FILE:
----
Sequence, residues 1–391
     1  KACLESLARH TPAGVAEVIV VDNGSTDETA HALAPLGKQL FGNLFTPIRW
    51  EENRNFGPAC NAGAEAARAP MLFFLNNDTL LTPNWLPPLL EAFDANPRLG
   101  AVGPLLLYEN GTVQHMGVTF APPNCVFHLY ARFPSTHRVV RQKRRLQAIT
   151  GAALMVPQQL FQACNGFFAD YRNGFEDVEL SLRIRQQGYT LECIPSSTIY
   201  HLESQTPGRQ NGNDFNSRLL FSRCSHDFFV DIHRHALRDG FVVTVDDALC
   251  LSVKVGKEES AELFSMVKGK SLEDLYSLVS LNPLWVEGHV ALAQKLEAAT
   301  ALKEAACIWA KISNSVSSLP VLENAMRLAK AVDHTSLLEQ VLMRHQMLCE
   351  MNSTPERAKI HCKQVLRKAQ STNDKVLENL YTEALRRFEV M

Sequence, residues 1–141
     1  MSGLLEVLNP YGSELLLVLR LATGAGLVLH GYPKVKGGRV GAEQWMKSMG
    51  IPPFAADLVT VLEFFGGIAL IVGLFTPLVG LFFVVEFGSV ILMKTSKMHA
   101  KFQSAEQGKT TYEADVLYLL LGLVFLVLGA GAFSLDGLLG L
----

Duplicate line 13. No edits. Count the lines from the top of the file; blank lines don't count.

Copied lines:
   101  KFQSAEQGKT TYEADVLYLL LGLVFLVLGA GAFSLDGLLG L